Time to catch up on the Stampede saga! So last Saturday (not yesterday, the week before) when I got on Stampede for my flat lesson I thought he felt a bit strange, and when I started trotting he was pretty rough. So I walked a bit longer then trotted again for the barn manager to see (she was teaching the lesson). He gradually got better as I went. Never really wanted to move forward at the trot but was even, and his canter felt pretty good really. So he worked pretty lightly and I was hoping he was just stiff since it was cold.
Sunday I rode P then got Stampede out to see how he looked on the lunge. It was pretty similar – looked like he was maybe off on the left front but it wasn’t obvious and he could have been stiff. Barely did anything and put him away.
Tuesday I rode him during the day since I was off work. He felt a little stiff but sound other than a trip where he took three or four bad steps before resuming an even trot. I was feeling pretty good that maybe it was just because his back was sore. My regular vet came in the afternoon for shots, and when I went to pull Stampede out of his stall he was practically three-legged. Didn’t want to leave his weight on the left front and my vet thought the pulse in that leg was elevated. She was concerned he was sore on both fronts since his front hooves have gotten ugly lately. So I used magic cushion and wrapped up both front hooves for the night.
Wednesday I got out to the barn late and just unwrapped his hooves and walked him a bit. He was a bit ouchy turning left but was pretty good on a straight line. I thought about canceling his vet appointment, but it had taken a lot to get everything together and I was tired of waiting for answers.
Thursday dawned and Stampede was ridiculously off when I pulled him out of his stall. Wrapped him up and put him on the trailer anyways.
I found out lots of great information from the vet, and I’m feeling pretty positive about his initial analysis and his plan for rehab. The problem is, we can’t start until Stampede is sound on all four feet. The vet looked at his bad foot a bit – the beast wasn’t sensitive to hoof testers, didn’t seem to have an elevated pulse or heat, and didn’t respond to the first flexion test the vet did. The second flexion test the vet did was a rotational one, and the beast *may* have been slightly more off. So we decided to hope it’s an abscess, particularly since Stampede wasn’t responsive to hoof testers with his huge abscess last March. If it’s not that, then it’s bad news, because the vet was concerned about the beast’s collateral ligament on the inside of that foot.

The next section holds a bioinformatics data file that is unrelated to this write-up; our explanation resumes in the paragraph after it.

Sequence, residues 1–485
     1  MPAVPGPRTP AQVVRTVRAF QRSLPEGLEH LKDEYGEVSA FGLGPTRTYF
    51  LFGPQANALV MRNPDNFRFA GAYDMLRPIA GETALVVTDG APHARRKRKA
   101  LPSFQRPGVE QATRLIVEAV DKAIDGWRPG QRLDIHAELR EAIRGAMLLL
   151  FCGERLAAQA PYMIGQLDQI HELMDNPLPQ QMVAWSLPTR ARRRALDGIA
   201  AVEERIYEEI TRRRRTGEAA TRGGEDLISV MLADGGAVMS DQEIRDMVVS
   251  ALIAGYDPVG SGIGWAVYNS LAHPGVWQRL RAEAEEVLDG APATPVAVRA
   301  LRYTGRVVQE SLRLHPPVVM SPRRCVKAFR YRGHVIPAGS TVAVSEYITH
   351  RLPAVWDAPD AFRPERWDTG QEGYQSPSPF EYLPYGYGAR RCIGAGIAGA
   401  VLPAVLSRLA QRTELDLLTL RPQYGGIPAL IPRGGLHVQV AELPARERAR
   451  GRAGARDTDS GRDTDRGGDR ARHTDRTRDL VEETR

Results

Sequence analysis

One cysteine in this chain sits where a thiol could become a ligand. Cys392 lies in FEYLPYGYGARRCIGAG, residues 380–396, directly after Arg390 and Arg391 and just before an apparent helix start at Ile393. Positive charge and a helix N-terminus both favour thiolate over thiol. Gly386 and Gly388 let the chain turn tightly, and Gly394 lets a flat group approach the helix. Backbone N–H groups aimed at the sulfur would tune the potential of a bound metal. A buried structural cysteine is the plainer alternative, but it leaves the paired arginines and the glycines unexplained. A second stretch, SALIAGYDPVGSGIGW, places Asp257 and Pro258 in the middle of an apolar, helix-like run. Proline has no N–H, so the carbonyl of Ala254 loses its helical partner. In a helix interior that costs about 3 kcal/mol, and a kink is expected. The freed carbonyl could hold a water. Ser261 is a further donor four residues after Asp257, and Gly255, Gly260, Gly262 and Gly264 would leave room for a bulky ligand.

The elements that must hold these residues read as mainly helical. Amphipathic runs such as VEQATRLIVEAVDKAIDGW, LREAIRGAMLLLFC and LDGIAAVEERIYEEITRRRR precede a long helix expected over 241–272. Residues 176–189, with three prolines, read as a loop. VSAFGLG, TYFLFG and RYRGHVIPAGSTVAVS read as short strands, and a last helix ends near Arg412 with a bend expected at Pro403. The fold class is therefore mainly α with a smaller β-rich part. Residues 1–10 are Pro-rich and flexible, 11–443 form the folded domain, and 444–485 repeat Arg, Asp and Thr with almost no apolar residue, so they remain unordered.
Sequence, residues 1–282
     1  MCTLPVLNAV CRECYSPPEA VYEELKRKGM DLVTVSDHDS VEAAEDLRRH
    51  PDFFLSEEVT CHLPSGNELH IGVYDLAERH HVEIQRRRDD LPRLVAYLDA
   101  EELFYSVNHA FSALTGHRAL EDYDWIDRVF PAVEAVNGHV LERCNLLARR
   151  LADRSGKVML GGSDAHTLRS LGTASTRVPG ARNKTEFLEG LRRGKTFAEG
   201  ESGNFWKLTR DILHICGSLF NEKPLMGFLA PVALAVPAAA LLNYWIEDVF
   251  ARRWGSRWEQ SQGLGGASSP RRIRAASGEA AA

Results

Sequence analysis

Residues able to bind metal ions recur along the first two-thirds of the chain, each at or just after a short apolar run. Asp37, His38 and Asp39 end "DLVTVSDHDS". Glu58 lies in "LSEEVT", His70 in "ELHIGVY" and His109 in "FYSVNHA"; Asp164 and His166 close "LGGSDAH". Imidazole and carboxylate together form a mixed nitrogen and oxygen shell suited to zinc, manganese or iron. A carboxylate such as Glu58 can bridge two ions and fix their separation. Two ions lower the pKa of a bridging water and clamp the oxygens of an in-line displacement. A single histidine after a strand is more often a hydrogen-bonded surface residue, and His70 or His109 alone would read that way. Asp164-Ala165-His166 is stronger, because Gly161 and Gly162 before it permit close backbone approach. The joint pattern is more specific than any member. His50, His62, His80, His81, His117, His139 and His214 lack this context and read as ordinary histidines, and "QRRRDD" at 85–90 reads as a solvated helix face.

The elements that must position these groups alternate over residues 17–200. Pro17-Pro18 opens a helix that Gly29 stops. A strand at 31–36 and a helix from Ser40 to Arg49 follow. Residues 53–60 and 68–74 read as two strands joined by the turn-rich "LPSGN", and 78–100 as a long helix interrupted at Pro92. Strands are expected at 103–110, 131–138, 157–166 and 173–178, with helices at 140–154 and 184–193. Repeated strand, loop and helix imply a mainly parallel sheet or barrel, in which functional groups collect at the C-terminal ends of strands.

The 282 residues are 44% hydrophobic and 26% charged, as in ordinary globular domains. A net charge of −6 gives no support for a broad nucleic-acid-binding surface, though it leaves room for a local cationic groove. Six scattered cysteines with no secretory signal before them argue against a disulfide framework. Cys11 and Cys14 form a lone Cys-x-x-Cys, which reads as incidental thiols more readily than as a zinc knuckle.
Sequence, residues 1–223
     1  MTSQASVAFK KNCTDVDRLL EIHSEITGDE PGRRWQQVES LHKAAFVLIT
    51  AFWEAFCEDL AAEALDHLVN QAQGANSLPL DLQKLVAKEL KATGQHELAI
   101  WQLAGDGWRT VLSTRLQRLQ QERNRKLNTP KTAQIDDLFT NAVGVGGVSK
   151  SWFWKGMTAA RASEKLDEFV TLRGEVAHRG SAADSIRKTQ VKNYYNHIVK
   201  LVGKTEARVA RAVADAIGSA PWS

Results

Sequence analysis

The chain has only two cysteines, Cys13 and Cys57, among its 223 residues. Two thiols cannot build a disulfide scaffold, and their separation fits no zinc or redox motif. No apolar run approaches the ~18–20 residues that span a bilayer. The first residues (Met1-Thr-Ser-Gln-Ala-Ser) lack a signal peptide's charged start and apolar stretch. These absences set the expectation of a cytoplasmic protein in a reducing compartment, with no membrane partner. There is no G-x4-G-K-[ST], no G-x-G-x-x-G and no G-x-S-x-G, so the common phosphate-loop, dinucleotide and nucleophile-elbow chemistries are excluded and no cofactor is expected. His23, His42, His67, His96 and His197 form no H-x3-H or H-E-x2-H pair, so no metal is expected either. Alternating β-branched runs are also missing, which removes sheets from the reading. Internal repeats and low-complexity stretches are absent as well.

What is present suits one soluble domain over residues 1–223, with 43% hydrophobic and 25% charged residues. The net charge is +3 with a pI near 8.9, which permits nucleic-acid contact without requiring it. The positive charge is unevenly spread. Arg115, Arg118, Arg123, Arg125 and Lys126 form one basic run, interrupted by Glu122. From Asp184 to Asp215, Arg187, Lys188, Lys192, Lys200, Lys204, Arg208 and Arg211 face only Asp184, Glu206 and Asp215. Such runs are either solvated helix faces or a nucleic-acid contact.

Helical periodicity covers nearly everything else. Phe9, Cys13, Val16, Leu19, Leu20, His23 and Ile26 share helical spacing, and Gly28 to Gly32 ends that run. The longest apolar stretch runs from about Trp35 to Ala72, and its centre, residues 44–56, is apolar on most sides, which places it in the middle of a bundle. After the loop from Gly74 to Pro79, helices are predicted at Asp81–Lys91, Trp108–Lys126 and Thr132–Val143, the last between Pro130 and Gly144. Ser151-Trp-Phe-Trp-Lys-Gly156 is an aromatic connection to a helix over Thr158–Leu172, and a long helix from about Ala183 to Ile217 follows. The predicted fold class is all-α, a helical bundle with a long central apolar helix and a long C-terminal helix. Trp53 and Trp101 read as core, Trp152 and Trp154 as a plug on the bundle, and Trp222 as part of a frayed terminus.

I think the most interesting part of my conversation with this new vet, was learning that kissing spines is a symptom not the issue itself. There are a couple causes of the kissing spines symptom, and the one that applied to Stampede is facet arthritis. This arthritis causes the horse to avoid using their spine properly, hence the bad muscling on the top line and the kissing spines. Stampede’s rehab will involve some injections into the facet joints most likely, followed by some anti-inflammatory drugs and some specific exercises. In the beginning all of his exercise will be done in the lunging rig, and later move to under saddle exercises.
As of today, Stampede’s hoof has been soaked every day for 15 minutes for 4 days. He is walking sound in a straight line and maybe just a slight strangeness to a tight left turn although I may be imagining it. The farrier is coming tomorrow to trim him and check out his hoof, so I will see what I have tomorrow night.
So here’s hoping Stampede is feeling better soon so I can take him back to the vet and learn the full details on his rehab and get things going!
One more reminder about my monogram contest with Relatively Stable which ends this coming Friday, October 31st. Go to the contest post here and answer the question to win. Since I’d rather have more entries, if you share the contest on your blog I’ll give you a second entry. Please comment on the contest post and let me know if you shared!